I really believe in the power of comedy, especially when it’s in a context that is very dark. And I do believe that darkness makes laughter way deeper than it can be when it’s alone. It gives some kind of perspective to laughter. For me all these genres just came up, I think, organically out of me, and I always tried to make it a bit more precise, trying to tackle my own language and understand it – how it works, and everything. I really see it as a language, to be honest. I can’t all of a sudden decide to make a musical, for example. I love musicals but I haven’t seen that many and it’s not my language, it’s not something I can incorporate in my vision of the world right now.

Again, I do think that genre doesn’t work without laughter because laughter can really come up as a catharsis in genre films. It can also come up as something that kind of flatters or accentuates the genre, in a sense that it makes you feel at ease when you see a comedy scene and you laugh with a character, and then BAM, with the eruption of genre all of sudden you feel this sensation of ‘wow, what’s going on, what’s happening in this moment’ … It gives une réaction épidermique [a knee-jerk reaction]. Both go very well together, and drama with laughter as well, as explained before.

That’s how those elements came up and now I’m trying more and more to master my language as much as I can.

But I imagine it’s a difficult balancing act. With so many components, how did you ensure one did not overpower the others, and succeed in making a film that’s tonally consistent in a unique and hard to pinpoint manner?

[Laughs] Three years of writing. It’s a lot of precision work. The fact is that the way in which I use temporality in my movie is not classic or Hollywoodian, it’s not very fluid and doesn’t go from one character to another. The way I write is really from scene to scene, in blocks. I tend to compare it to capturing impulses. My movie is very much about impulses and I write in an impulsive way. I tackle the impulse of the scene every time and don’t care what’s in between scenes which gives a kind of rhythm that is superfast. If you take one scene out of this evolution, then basically your card castle falls apart in seconds. So you really have to balance everything and plan … My scripts are super precise, very detailed, and are almost already edited. What you’ve seen in the movie is almost exactly the script.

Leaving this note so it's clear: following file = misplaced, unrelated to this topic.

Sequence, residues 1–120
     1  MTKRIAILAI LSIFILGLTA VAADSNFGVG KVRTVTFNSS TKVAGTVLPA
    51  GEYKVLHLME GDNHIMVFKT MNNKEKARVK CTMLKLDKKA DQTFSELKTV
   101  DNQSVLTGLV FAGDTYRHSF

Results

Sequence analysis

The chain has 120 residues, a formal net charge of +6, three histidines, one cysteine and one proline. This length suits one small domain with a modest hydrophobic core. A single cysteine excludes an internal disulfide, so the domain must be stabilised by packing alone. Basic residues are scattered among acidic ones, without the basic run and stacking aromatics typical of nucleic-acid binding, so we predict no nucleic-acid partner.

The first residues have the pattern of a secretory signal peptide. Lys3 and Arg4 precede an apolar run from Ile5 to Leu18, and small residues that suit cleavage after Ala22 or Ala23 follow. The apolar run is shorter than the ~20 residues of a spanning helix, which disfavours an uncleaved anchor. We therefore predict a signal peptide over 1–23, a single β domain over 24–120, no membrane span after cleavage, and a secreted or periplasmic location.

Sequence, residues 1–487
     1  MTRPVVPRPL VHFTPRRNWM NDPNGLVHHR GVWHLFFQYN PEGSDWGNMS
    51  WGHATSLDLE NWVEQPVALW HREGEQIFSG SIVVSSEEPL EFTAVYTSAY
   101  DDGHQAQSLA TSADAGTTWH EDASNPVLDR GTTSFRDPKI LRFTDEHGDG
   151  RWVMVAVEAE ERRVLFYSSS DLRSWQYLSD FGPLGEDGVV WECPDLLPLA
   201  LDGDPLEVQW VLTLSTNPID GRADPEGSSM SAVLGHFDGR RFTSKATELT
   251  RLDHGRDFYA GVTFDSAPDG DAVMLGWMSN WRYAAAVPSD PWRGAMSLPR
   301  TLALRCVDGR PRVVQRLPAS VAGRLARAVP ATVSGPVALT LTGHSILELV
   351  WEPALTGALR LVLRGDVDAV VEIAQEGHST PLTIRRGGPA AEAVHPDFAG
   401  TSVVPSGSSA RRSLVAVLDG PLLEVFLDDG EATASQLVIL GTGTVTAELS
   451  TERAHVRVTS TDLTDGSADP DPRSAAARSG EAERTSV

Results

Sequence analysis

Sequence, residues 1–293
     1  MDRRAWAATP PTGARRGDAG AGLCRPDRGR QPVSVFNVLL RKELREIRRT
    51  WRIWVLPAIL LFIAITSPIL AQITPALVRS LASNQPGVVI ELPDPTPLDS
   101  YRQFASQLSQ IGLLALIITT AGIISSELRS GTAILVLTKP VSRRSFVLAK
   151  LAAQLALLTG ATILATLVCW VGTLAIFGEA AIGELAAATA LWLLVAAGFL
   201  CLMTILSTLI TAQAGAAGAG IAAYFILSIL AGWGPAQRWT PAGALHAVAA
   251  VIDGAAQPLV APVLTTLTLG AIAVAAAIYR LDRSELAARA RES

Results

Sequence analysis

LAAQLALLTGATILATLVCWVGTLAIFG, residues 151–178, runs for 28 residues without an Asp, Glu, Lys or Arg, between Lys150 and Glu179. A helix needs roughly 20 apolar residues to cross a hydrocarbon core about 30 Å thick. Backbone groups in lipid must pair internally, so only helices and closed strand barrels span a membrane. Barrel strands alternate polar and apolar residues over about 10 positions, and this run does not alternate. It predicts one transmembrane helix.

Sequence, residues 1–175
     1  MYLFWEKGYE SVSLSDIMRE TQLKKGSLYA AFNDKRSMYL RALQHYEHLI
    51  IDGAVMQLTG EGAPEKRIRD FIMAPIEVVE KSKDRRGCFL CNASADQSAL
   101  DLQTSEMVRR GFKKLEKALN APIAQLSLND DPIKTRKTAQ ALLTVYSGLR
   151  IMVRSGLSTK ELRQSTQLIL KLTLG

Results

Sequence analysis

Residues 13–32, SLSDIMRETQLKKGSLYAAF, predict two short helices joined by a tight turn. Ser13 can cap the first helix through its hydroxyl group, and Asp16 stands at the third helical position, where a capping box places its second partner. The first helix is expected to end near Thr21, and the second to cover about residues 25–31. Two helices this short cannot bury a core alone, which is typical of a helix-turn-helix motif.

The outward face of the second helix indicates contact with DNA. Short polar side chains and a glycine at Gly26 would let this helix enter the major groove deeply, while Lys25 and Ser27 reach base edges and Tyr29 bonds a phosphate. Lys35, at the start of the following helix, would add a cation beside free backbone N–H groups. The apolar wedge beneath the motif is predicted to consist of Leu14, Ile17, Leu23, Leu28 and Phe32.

I was going to ask about that next. I knew I would like your film the moment we are introduced to Justine, when she’s sitting in the back of the car and she pushes the dog away from her, but as soon as those grey and imposing building of the veterinary school are in sight she pulls the dog closer to her. This is a small visual detail that speaks volumes about where the protagonist is at emotionally.

Of course.

So you place a lot of emphasis on the importance of visual language and I was wondering how much of that is already in the screenplay?